No scientific data to justify a long estimate of the age of the world.

Warfield points out that the scientists of his day were all over the map with their estimates of the age of the earth and when to date the first appearance of man. The biologists and physicists, in particular, have put forth contradictory time estimates. “Theology as such has no concern in this conflict and may stand calmly by and enjoy the fuss and fury of the battle.” (227)

Warfield challenges scientists to be honest about the fact that their data is insufficient to establish a firm date for the origin of man.

The real opponent is a veiled atheism

Time alone, regardless of how much is available, cannot produce results if there an adequate cause is not present. Warfield uses the analogy of stirring a mass type with a stick hoping to produce Dante’s inferno. You could stir forever and not get the desired result. He suggests that the hope of chance to produce results is what drives many scientists to propose a very old age for the earth. “What is needed is not time, but cause.” (229)

Review of James Orr, God’s Image in Man and Its Defacement in the Light of Modern Denials, 1906

Orr presents the kind of “biblical and yet culturally comprehensive Calvinism that Princeton theologians also defended.” (230)

Warfield’s view:

  • Creation = origination.
  • Evolution = modification based on the potential of preexisting material.
  • The appearance of something entirely new (e.g. an integrated human body and soul) requires divine creation.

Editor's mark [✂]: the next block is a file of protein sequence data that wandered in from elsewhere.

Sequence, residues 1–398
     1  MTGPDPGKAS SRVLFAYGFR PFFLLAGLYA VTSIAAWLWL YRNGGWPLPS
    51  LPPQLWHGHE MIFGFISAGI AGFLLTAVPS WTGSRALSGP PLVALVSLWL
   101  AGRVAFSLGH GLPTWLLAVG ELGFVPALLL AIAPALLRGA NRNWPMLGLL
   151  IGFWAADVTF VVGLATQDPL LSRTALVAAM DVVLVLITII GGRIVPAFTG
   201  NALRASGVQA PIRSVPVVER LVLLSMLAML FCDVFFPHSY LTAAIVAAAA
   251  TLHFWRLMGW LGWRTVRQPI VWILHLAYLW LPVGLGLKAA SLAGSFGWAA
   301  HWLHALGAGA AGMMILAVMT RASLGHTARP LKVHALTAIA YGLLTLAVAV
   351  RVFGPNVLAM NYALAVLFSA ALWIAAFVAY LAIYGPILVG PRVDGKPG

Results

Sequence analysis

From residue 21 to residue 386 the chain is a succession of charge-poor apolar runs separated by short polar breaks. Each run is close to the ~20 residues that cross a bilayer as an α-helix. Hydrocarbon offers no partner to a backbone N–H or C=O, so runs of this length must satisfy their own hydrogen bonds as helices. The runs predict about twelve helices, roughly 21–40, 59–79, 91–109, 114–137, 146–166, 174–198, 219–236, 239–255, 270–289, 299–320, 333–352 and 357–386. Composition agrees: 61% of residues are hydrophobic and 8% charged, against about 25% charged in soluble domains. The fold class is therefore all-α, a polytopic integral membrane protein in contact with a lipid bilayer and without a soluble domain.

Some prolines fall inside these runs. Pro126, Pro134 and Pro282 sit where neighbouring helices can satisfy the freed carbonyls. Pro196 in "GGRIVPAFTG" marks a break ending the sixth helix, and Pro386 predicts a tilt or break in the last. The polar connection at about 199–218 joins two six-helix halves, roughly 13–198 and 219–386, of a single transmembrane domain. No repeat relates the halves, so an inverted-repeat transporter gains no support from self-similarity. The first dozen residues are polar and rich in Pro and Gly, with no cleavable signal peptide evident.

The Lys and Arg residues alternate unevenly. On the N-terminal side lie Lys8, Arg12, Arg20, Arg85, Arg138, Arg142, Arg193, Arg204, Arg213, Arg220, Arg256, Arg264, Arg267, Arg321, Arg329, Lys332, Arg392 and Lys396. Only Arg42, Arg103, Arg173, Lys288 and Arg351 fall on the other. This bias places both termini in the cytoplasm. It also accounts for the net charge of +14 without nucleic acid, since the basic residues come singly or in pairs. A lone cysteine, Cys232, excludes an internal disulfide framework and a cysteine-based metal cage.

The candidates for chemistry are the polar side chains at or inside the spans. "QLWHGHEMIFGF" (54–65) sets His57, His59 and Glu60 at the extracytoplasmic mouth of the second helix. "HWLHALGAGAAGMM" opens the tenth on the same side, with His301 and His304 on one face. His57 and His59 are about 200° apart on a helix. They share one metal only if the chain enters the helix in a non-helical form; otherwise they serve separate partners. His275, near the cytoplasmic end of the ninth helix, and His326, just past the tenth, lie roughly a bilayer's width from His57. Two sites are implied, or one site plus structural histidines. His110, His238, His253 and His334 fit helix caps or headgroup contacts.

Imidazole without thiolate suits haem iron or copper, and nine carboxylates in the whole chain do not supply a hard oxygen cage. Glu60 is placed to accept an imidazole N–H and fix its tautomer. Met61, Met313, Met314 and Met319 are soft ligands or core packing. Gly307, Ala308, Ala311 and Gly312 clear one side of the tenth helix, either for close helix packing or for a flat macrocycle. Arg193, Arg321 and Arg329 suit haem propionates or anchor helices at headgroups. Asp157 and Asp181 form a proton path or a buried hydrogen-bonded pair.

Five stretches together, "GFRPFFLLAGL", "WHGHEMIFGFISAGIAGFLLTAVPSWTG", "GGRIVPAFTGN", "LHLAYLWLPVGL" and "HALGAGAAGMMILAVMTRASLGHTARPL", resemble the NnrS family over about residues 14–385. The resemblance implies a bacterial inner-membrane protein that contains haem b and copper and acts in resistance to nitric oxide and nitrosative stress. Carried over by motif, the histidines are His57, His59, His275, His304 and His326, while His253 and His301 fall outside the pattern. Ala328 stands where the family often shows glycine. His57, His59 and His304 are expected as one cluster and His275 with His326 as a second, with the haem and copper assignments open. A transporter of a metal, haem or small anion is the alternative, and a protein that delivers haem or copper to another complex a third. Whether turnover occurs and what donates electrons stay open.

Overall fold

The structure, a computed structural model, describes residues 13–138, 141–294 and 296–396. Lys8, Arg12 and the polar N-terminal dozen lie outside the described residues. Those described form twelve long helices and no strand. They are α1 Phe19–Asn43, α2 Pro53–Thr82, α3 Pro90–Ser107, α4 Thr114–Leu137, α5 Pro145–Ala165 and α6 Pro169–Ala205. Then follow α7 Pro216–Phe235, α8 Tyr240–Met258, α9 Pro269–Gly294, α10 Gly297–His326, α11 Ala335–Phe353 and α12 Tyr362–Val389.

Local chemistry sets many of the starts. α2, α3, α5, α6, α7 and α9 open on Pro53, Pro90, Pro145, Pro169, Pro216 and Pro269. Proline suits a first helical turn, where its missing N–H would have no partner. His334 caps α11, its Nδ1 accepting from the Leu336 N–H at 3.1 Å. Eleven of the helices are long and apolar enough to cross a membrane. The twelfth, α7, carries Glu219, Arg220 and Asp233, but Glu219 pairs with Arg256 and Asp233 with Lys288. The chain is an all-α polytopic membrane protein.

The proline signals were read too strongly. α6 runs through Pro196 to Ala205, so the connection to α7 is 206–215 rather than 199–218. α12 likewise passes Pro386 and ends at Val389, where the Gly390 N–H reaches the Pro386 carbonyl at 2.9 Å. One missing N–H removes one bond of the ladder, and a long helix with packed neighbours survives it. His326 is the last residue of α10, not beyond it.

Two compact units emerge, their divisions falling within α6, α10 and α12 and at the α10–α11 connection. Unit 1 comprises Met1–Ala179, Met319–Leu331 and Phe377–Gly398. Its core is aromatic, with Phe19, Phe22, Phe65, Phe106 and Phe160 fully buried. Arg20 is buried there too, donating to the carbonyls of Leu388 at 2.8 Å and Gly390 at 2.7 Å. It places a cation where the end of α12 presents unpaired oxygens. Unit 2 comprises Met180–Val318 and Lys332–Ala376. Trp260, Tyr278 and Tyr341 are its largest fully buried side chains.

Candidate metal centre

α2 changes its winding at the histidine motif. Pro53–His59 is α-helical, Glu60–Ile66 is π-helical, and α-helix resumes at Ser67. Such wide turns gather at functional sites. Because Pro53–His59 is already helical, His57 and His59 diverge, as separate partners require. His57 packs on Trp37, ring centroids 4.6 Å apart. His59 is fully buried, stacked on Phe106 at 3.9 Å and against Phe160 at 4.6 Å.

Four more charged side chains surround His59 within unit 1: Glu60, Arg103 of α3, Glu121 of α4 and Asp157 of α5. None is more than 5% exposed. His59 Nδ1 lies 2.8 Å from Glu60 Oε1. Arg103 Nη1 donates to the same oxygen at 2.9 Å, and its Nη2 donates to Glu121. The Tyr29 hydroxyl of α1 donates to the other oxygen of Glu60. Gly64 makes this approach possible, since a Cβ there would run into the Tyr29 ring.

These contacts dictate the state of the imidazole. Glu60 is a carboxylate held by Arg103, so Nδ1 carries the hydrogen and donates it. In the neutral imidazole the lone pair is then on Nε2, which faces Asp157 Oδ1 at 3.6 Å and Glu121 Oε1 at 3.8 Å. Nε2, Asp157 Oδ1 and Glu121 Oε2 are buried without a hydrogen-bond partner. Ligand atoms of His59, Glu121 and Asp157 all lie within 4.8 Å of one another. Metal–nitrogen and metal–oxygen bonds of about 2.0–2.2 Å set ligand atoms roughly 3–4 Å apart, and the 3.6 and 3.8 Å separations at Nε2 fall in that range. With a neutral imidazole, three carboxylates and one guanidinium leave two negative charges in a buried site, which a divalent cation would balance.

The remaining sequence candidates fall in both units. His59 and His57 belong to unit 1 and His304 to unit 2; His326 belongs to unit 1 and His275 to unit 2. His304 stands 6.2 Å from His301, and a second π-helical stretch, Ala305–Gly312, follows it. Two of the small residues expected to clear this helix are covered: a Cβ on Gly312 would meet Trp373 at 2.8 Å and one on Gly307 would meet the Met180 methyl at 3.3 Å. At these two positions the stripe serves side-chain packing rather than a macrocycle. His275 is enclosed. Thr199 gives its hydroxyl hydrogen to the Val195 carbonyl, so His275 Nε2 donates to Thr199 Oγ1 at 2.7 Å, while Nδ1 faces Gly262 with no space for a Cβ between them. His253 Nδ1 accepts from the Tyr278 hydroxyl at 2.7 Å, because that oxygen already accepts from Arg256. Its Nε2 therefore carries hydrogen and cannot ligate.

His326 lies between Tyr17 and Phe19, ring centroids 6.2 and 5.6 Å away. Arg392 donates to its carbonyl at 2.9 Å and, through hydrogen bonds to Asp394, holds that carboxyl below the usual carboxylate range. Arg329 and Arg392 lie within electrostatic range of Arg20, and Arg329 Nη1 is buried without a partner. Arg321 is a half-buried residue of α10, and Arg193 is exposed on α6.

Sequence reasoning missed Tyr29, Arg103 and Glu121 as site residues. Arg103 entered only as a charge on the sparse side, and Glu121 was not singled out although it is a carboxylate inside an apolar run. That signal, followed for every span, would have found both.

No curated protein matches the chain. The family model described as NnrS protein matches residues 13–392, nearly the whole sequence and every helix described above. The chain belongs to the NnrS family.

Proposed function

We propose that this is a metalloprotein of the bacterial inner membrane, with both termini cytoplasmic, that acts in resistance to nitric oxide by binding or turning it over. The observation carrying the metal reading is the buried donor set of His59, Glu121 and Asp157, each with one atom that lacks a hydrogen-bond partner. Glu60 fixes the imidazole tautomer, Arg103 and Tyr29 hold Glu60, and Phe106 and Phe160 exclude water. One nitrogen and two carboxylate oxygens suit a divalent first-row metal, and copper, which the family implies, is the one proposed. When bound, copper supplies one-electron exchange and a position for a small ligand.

• Providentially superintended evolution may be responsible for the emergence of the human body.
  • “Unless the thing produced is above what the powers intrinsic in the evolving stuff are capable of producing (under whatever divine guidance), the product is not a product of creation but of providence. And providence can never do the work of creation.” (234)

Warfield objects to Orr’s assertion that “there is not a word in Scripture to suggest that animals… came under the law of death for man’s sin.” (236)

Review of Vernon L. Kellogg, Darwinism today: A Discussion of Present-Day Scientific Criticism of the Darwinian Selection Theories, together with a Brief Account of the Principal and Other Proposed Auxiliary and Alternative Theories of Species-Forming, 1908

Kellogg was “critical of strictly selectionist Darwinism and warmed to various non-Darwinian evolutionary mechanisms.” (237)

Warfield saw the propagation of non-selectionist theories as evidence that evolutionary theory was in disarray.

Warfield notes Kellogg’s observations that scientists of the day were not convinced that natural selection was the only force behind species creation. They were looking for other possible causes and had many theories. Kellogg “allows to natural selection a most important function in species forming, but denies it the omnipotence with the Neo-Darwinians are prone to ascribe to it. (239)